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A morning roundup of news, opinion, and links from City Paper and around the District. Send tips and ideas to citydesk@washingtoncitypaper.com.

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Mayor Muriel Bowser on Tuesday announced that her administration had reached a settlement with Pepco and Exelon, backing a proposed merger of the two power companies. Exelon would invest $78 million in the District, toward reliability, alternative energy, local jobs, and freezing consumer rates through March 2019. D.C.’s Public Service Commission must now review the deal.

LEADING THE MORNING NEWS:

  • A man was fatally shot in the 600 block of 42nd Street NE last night, near the Minnesota Avenue Metro station. [NBC Washington]
  • The Capitol Police are coming under fire for having circulated a purportedly alarmist memo that warned of an upcoming march by the Nation of Islam. [Post]
  • The D.C. Council unanimously approved emergency legislation yesterday that will allow the District’s Fire and EMS Department to contract with third-party ambulance providers to help alleviate overstretch. [WTOP]
  • A 60-unit development across from Howard Theatre has received community support. [UrbanTurf]
  • The District Department of Transportation plans to build nearly 100 new Capital Bikeshare stations by fiscal year 2018. [City Desk]

RECENT CITY PAPER STORIES TO HELP YOU MAKE SENSE OF YOUR DAY:

  • Tweet to Eat: A “pop-up social media restaurant” called Top Nosh has given select diners food in exchange for promotional posts on social networks.
  • Police Politics: D.C.’s Fraternal Order of Police may launch a political action committee funded by increased union dues.
  • Mysteries of the Deep: The National Geographic Museum’s latest exhibit boasts “the ocean’s last wild places.”

LOOSE LIPS LINKS, by Will Sommer (tips? wsommer@washingtoncitypaper.com)

  • Muriel Bowser settles with Pepco and Exelon over merger. [LLWBJPost,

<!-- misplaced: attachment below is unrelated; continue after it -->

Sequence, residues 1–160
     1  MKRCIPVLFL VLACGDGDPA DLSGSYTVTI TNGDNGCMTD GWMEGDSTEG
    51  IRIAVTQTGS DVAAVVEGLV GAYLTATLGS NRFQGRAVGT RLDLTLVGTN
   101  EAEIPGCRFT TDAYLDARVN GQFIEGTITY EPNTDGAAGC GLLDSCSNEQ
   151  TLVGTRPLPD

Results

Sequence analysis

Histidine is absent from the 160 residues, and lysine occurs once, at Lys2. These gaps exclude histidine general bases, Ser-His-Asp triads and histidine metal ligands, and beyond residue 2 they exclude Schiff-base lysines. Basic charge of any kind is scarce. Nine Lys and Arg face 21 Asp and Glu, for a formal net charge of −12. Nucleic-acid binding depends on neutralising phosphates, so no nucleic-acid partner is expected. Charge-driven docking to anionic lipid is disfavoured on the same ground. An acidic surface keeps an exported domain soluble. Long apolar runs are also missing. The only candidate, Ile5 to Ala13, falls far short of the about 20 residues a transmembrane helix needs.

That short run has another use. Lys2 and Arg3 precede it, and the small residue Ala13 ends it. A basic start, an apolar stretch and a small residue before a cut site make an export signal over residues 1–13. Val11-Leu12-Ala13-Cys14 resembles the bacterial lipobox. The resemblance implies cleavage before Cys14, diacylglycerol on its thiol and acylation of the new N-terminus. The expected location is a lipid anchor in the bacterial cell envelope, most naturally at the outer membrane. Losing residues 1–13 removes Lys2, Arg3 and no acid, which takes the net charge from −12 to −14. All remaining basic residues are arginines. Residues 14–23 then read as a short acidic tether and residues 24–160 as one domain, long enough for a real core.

• Family leave bill from Elissa Silverman and David Grosso introduced with slim majority of councilmembers in favor. [PostFox 5]
  • Ex-Vince Gray campaign worker Reuben Charles pleads not guilty in tax case. [Post]
  • The police union considers getting its own PAC. [LL]
  • D.C. area loses taxpayers to other parts of the country. [Times]
  • Bikeshare aims at lower-income neighborhoods. [Post]
  • Metro faces ridership decline. [Post]

ARTS LINKS, by Matt Cohen (tips? mcohen@washingtoncitypaper.com)

  • Chris Richards on the surprising legacy of local doom-metal pioneersPentagram and its tumultuous frontman, Bobby Liebling. (Fascinating aside: Liebling was once a low-level dealer for ’80s drug kingpin Rayful Edmonds!) [Post]
  • If you grew up in D.C., you might remember these commercials. [Washingtonian]
  • Check out these photos Yale University just released of D.C. during the Great Depression. [DCist]
  • Meet Andrew Lewis. If you don’t know his name, you probably know his deafeningly loud voice singing hymns and praise songs outside downtown D.C. Metro stops. [Borderstan]
  • Missed out on tickets to catch Kendrick Lamar at the Kennedy Center? He’s coming to Lincoln Theatre in November. [DC Music Download]
  • At National Geographic Museum’s “Pristine Seas” exhibit, the ocean gets its close up. [Arts Desk]
  • Washington National Opera sells off old costumes for Halloween, raises nearly $65,000. [Washingtonian]

YOUNG & HUNGRY LINKS, by Jessica Sidman (tips? jsidman@washingtoncitypaper.com)

  • Six new fast-casual spots to check out [Zagat]
  • A tiki bar is coming to the old Islander space. [Express]
  • Then and now of D.C. dining spots [Washingtonian]
  • The Source chef Scott Drewno wants to make wonton soup “the new ramen.” [Post]
  • Beer and wine may be coming to several D.C. Starbucks. [WBJ]
  • Five things to know about Chase the Submarine coming to Vienna, Va. [NoVa Mag]